Planned Impact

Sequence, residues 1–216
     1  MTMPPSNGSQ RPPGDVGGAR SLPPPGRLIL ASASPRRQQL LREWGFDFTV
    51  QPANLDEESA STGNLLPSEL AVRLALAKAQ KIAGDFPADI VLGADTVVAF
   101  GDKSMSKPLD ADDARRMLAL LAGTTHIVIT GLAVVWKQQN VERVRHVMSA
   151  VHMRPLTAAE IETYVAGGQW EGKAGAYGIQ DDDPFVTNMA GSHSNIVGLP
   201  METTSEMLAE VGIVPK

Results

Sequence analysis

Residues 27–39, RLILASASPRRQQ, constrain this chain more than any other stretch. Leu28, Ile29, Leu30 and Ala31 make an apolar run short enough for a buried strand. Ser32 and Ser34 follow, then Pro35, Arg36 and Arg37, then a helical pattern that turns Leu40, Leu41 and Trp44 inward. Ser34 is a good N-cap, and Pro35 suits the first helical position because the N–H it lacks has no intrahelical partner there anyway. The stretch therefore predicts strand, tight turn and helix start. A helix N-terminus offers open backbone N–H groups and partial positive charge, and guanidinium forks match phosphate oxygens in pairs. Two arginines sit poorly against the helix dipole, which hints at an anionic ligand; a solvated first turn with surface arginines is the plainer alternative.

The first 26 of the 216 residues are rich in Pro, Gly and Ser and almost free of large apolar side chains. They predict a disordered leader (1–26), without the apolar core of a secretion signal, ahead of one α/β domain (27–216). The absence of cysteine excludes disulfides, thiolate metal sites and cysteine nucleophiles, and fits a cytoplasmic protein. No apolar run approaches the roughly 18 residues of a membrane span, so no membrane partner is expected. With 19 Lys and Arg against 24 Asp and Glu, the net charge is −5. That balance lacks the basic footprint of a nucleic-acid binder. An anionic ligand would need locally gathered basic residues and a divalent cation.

Direct beneficiaries will be primarily UK agencies and government departments dealing with trade, migration, security and development aid: namely BIS/Treasury, the Home Office, and Justice in so far as it relates to international activity, the Foreign Office and DFID. Our hands-on partners will be DFID and the Home Office who have active forums to discuss policy which we will influence throughout the programme. World agencies and networks which link the third sector to government potentially benefit from research of this kind. Multinationals with a world reach such as Cisco Systems, IBM, Autodesk and ESRI through our existing contacts will be drawn into a wider a circle of beneficiaries. The EU Global Systems Dynamics and Policies network will be used to mobilise many related groups in Europe. Government, agencies, and firms will benefit from this research by being empowered into anticipating global change which is unexpected, novel and surprising. This has major impacts on both the UK and world economic performance and it will increase the effectiveness of public services with respect to migration and the whole area of international crime and security. Less directly, the quality of life will be affected for many national populations. We will ensure that our beneficiaries receive opportunities to engage in this research by developing mechanisms for communication and engagement through our partnerships with the Home Office, the EU through the Global Systems Dynamics (GSD) network, world agencies dealing with trade, migration and security, and global commercial companies such as IBM and Cisco. Our ideas of 'policy clubs' or 'forums' mentioned in the workplan provide a direct way of increasing opportunities for our beneficiaries to realise the value of our research while the Steering Committee will be charged with the task of engaging world agencies during the first years of the programme in preparation for the early demonstrators that we will develop. We will in fact use some intermediary organisations in UCL such as the development Planning Unit (DPU) and the Migration Research Unit (MRU) who currently are not pencilled in for resources from the project, other than their being in the Bartlett and Geography. These units have extensive networks into policy making in developing countries, and in migration policy, with links to the relevant agencies involved. Currently we have no plans for secondment of our staff but part of the flexibility this programme makes this possible, and will allow us through the Management Board and Steering Committee to respond to such possibilities. Our conferences and seminar series are aimed at global policy makers and we will actively discuss the role of training workshops in our global intelligence systems in the second phase of the project. We will ensure effective and appropriate exploitation through explicit demonstrations that our models are being used to inform the policy-makers that we have identified. The best measure of our impact will be the positive (or otherwise) responses of the policy makers to this new science; its impact will be measured over a term considerably longer than the life of this programme. In terms of direct exploitation, much of the software we produce will be downloadable, and a measure of success is the number of users. The capabilities and resources for the activity as detailed in the main proposal means that the investigators will be solely responsible for ensuring the programme generates these impacts. The CASA administration will undertake publicity, media and web design, and have substantial prior experience in conference and meeting organisation, contact with media, and the design of publications (see www.casa.ucl.ac.uk). Resources for both administration and the management of this process for ensuring effective impacts are part of the FEC associated with the investigators and CASA administration.